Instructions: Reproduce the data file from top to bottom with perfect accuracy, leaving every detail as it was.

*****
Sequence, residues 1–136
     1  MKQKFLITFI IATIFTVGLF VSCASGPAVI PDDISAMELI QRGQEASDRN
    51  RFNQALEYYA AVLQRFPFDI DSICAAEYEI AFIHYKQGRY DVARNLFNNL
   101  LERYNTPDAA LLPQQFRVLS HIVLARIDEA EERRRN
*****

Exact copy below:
Sequence, residues 1–136
     1  MKQKFLITFI IATIFTVGLF VSCASGPAVI PDDISAMELI QRGQEASDRN
    51  RFNQALEYYA AVLQRFPFDI DSICAAEYEI AFIHYKQGRY DVARNLFNNL
   101  LERYNTPDAA LLPQQFRVLS HIVLARIDEA EERRRN